Schizophrenia: Debunking 5 Myths That Stop You From Getting Help
Schizophrenia is a serious mental disease that can affect a person’s mood, thoughts, and actions. Still, some people who have the disease decide not to seek help.
There are a lot of reasons someone who has schizophrenia might decide not to get treatment. If any of these myths are holding back you or a loved one, it’s time to reconsider. Here’s why.
Myth: I don’t fit the profile of someone with schizophrenia.
The truth is that anyone can develop schizophrenia.
It affects men and women at equal rates. It also impacts all ethnic groups equally. In general, most of the disease’s symptoms begin to develop between the ages of 16 and 30. People usually don’t get the disease until after age 45.
Scientists have learned a lot about the disease. But, they still aren’t sure what exactly causes it. Some factors could include:
- Genes, meaning it runs in the family.
- Environment, like a virus or nutrition problems before birth.
- Brain structure or chemistry.
If you or a loved one show symptoms of schizophrenia, don’t wait to seek help. Scientists now believe that the earlier they detect and treat the disease’s symptoms, the better chance the patient has to treat and limit the symptoms.
Myth: Treatment is a waste. There’s no cure for schizophrenia.
Schizophrenia treatment has come a long way. It’s true there is not yet a total cure for the disease. But treatment can help curb or even stop many of the disease’s serious symptoms, like:
- Hallucinations — seeing things that aren’t really there.
- Delusions — believing things that are not true.
- Thought disorders — stop talking in the middle of a sentence or making up words that have no real meaning.
- Movement disorders — doing the same motions over and over.
- Cognitive symptoms — having trouble making decisions or paying attention.
- Negative symptoms — talking in a dull voice or not showing any emotion.
If you or your loved one suffer from the disease, work with your doctor to find a treatment that’s best. Treatment may be a mix of talk therapy, drugs, and social rehab. With the right combo, people with schizophrenia can go on to complete school, hold a job, make lasting relationships, and take care of their own day-to-day tasks.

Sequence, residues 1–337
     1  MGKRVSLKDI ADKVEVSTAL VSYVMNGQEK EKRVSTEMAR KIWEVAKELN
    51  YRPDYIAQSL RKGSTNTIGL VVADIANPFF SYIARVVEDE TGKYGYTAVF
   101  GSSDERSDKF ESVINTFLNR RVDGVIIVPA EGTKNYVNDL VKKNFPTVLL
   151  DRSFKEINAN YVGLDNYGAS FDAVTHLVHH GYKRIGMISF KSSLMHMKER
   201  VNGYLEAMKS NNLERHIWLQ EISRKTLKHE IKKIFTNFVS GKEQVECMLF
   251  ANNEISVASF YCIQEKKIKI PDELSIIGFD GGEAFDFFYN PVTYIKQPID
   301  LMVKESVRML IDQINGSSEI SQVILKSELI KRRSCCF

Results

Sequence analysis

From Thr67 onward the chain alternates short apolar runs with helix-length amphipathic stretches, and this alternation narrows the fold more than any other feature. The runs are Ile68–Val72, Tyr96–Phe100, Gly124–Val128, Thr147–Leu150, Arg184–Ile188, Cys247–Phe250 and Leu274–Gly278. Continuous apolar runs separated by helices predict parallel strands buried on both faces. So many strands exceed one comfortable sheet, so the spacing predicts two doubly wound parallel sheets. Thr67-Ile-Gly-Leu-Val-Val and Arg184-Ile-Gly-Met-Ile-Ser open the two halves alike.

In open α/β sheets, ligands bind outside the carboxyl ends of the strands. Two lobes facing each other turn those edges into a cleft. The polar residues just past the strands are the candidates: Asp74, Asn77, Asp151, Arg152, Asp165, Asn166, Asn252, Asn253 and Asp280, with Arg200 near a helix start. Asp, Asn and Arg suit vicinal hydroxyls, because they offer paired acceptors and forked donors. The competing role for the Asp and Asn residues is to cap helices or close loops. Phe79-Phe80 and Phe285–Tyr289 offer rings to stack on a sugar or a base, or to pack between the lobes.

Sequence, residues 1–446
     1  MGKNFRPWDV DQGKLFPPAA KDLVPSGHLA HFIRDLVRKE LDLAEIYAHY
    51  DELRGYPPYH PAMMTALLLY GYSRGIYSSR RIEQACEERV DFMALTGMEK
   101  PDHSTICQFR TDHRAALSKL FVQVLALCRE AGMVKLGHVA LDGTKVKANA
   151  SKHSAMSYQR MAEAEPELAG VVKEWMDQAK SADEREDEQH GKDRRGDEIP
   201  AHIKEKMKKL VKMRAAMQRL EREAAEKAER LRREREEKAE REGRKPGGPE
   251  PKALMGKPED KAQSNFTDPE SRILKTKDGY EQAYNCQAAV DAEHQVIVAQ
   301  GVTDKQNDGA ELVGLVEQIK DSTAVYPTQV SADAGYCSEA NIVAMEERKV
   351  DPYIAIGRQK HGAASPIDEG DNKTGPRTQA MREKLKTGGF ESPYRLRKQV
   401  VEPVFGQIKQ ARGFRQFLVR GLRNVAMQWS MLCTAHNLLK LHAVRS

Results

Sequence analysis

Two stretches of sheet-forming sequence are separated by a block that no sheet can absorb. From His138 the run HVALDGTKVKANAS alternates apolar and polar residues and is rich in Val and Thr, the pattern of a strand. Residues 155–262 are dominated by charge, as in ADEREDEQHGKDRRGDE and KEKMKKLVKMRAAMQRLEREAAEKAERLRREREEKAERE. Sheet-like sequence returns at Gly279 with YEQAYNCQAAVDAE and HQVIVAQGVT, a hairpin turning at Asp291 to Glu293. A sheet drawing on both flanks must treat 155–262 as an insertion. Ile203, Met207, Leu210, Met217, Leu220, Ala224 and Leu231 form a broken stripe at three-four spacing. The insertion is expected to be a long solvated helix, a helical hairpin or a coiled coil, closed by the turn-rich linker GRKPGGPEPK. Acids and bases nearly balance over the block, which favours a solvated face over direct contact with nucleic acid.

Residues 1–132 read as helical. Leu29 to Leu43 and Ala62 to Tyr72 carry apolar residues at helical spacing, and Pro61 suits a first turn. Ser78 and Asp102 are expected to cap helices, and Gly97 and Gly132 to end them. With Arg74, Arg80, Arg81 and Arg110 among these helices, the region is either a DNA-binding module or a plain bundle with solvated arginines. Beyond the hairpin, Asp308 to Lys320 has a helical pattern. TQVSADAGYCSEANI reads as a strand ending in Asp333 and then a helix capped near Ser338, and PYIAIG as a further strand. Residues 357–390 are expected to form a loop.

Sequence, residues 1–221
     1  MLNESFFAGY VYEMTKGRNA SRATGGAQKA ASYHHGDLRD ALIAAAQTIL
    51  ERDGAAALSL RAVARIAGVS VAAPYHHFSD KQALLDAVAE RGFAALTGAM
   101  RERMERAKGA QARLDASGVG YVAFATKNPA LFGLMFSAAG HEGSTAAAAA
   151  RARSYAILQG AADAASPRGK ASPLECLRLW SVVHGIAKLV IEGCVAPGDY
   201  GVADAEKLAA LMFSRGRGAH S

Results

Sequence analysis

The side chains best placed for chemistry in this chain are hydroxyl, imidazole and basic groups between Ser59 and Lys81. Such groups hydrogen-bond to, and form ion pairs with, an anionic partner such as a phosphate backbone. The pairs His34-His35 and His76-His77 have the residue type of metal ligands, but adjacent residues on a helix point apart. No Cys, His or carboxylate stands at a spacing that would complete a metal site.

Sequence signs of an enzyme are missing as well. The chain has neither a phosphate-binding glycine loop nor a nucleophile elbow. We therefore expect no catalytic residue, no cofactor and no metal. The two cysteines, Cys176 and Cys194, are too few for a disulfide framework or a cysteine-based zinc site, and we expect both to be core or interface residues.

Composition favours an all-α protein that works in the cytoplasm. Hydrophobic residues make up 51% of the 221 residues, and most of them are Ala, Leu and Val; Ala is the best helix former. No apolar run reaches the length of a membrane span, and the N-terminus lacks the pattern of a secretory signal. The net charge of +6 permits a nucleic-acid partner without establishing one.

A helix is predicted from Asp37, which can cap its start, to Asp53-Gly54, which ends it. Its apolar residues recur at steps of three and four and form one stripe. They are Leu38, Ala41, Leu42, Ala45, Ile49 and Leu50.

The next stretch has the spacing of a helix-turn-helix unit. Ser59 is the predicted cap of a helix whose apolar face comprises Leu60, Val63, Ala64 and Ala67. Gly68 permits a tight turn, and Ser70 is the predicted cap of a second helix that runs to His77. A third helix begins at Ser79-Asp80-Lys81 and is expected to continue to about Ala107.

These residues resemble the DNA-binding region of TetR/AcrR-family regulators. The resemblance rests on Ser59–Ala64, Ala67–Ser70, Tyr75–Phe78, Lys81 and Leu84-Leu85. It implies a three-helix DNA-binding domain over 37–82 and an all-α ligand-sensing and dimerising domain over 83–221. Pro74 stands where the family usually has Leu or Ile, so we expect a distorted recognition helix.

Remember that PerformCare has a deep network of providers ready to help. Search our provider directory to find one near you.
Myth: Drug side effects are worse than the disease’s symptoms.
If someone with the disease needs medicines, his or her doctor will usually prescribe antipsychotic medications.
These drugs can work wonders for people with the disease. Most people see symptoms like hallucinations go away within just days. Symptoms like delusions go away within weeks.
Many people experience side effects from these drugs . For others, the side effects are harsher until the body gets used to the medication. Remember to talk to a doctor if your or a loved one do get side effects from any medicines that they find bothersome. The doctor will work to find the right mix that limits side effects and fights the disease’s symptoms.
Do not just stop the medicine. The side effects from stopping suddenly can have an even worse impact than the disease or drug’s side effects.
Myth: People with schizophrenia are violent.
Most people who have schizophrenia are not violent, especially toward other people. In fact, most people with schizophrenia are more likely to hurt themselves than others.
Proper treatment can even help curb risk of violent behavior. People who go untreated are most at risk to show violent behaviors. This means it’s extra important to seek help right away if you or a loved one show signs of the disease.
Myth: I can't help my loved one with their schizophrenia.
People with schizophrenia can often feel alone and ashamed. They will depend on your love and support to help them manage the disease. There are a few steps you can take to help a friend or loved one who has the illness:
- Be supportive and kind.
- Do not allow dangerous behaviors.
- Help find support groups in your area.
- Help set up appointments for treatment.
- Encourage your loved one to stay in treatment.
- Encourage medications to be taken as directed.
Having you on their side can help a friend or loved one recover from symptoms even faster.